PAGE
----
I have to develop some new skills and contacts for a new series I'm about to start writing set in a place where I have visited many times but never lived in - and it's 3000 miles away (north of where Rhys lives when she's in CA). I can't get out there until the fall when the book will be done (but not yet due, thank goodness).

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    1. Oh, I meant to add: I just went looking on a map for the Suffolk coast because I wasn't sure where it was. It's the part of England so many settlers in Massachusetts came from. All the same place names! Ipswich, Chelmsford, Framingham, Braintree. Cool.

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    2. So interesting about the place names, Edith. A new series?? Fantastic!

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    3. Yes, can't wait to see what you come up with, Edith!

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  3. CONNIE: Kudos to your research skills used to write your newest book!

    Besides using the Google Street View option on Google Maps, I have really enjoyed watching 3D virtual tours of exhibits in museums, art galleries as well as the interiors of historical buildings. Many of these have only been made available since the pandemic lockdowns started in 2020.

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    1. Grace, thank you. Yes---those interior tours are amazing!

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  4. Welcome Connie! You are intrepid. Silly question, when you query sources, are you emailing? Facetiming? I was wondering because at writers' group yesterday, I noticed again how much deeper we can go if we are talking/brainstorming in person!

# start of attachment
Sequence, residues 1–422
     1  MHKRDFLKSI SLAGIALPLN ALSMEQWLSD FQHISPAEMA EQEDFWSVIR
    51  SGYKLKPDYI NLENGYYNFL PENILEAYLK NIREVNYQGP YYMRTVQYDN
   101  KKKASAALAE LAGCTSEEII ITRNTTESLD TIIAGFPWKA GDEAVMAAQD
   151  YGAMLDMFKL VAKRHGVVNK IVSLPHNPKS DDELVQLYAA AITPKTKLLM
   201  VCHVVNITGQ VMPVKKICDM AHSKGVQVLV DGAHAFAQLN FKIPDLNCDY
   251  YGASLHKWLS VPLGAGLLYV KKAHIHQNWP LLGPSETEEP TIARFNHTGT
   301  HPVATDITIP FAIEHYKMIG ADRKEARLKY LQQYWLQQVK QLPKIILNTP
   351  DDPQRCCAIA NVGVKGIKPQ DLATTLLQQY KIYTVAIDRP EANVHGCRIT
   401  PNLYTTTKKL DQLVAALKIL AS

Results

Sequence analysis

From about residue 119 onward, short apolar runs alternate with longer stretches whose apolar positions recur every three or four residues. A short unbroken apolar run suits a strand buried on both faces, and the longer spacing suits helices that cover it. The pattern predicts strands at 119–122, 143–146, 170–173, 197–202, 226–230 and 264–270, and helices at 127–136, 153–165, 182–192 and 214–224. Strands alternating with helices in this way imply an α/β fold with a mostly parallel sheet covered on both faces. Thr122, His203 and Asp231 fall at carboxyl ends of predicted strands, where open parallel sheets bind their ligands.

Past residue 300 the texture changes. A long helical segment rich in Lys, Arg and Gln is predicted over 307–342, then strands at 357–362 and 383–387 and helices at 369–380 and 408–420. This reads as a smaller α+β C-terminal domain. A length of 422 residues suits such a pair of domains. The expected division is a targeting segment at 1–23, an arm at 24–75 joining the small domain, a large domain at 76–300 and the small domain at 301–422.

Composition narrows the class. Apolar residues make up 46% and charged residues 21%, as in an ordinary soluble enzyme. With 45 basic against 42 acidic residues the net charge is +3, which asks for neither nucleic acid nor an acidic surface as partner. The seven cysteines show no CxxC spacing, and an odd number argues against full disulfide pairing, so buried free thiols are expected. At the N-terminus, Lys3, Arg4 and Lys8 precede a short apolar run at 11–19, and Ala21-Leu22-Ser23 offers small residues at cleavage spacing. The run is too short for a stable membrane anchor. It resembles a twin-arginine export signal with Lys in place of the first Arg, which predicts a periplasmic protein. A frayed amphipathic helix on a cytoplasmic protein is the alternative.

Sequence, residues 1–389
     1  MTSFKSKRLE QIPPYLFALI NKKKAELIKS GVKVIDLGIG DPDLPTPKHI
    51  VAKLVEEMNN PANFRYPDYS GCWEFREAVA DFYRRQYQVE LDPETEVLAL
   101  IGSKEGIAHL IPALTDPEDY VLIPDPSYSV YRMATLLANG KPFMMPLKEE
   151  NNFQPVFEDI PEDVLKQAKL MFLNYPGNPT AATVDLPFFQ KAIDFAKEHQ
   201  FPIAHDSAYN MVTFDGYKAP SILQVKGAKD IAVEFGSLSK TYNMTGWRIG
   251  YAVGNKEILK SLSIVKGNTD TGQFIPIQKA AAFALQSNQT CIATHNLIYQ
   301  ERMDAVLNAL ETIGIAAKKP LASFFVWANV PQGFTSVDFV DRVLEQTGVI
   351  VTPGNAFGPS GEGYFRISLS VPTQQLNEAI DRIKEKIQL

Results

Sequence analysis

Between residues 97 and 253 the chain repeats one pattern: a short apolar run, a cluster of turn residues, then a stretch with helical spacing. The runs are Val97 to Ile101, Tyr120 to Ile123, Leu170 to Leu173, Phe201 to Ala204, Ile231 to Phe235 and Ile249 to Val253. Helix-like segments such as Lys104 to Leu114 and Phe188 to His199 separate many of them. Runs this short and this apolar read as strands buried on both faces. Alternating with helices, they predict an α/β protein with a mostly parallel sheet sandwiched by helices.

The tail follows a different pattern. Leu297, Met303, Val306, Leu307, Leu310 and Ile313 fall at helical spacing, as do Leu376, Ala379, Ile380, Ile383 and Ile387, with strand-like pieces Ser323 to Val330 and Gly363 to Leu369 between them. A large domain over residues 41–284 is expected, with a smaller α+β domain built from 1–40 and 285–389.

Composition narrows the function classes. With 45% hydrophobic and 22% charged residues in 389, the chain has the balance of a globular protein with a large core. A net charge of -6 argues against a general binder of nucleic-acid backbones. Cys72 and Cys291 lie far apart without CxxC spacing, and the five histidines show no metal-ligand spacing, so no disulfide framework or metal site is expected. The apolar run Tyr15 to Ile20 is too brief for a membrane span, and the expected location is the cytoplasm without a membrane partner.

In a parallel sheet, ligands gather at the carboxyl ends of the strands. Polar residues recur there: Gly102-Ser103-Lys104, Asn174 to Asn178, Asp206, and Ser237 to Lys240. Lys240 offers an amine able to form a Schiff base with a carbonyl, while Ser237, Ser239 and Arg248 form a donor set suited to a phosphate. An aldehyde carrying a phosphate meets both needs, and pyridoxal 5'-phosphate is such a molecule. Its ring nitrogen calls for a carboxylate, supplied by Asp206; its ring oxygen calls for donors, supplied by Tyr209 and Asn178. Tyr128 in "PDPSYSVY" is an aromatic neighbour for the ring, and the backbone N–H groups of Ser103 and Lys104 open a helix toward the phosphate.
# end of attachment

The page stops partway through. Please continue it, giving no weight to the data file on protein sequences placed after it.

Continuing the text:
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    1. Maybe just desperate? Most contacts are with people I previously met in England. That obviously makes it easier to ask for information. But some, like the National Trust guy, I contacted via email. We had a phone conversation that lasted about an hour. Facetiming would have been incredible, but I go with the source's preferred method of contact. His secretary emailed me and suggested the phone call. Contact is usually email. though.

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  5. A lot of challenges to get this story written, Connie! Sounds like you creatively overcame them, though.

    In the Dark Ages before the Internet research was way harder. Now, thanks to video/photos/drone footage you can almost "be" somewhere, except for being able to feel and smell the surroundings. And who knows? That might be a possibility, too, somewhere down the line.

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    1. Karen--wouldn't that be amazing? Who knows what the future will bring. Still, I'd rather be there in person!

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    2. Absolutely! Nothing can compare to breathing the air and seeing the colors.

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  6. This was a really fun post! The internet really makes this kind of work much easier. Good for you for figuring it out and getting through it.

    I haven't been to the UK since 2009 when we took some of dad's ashes back to his old neighborhood in Leeds and scattered them in the park across the street from the house he lived in as a child (and the house we all lived in when we stayed with my aunt in 1972), but I have wandered through the neighborhood on Google street view and noted that the fish and chip shop is still there.

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    1. Gillian, what a touching story about returning your father to his childhood home. I LOVE the thought of just "wandering through the neighborhood" on Google street view. I did that when Sheila Connolly said she'd bought a cottage in a small Irish village. I "walked" up and down all the streets.

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  7. This sounds wonderful, Connie! I relied on Google Earth a lot when researching my Laurel Highlands mysteries over the past couple of years. Normally, I'd just jaunt down and drive around.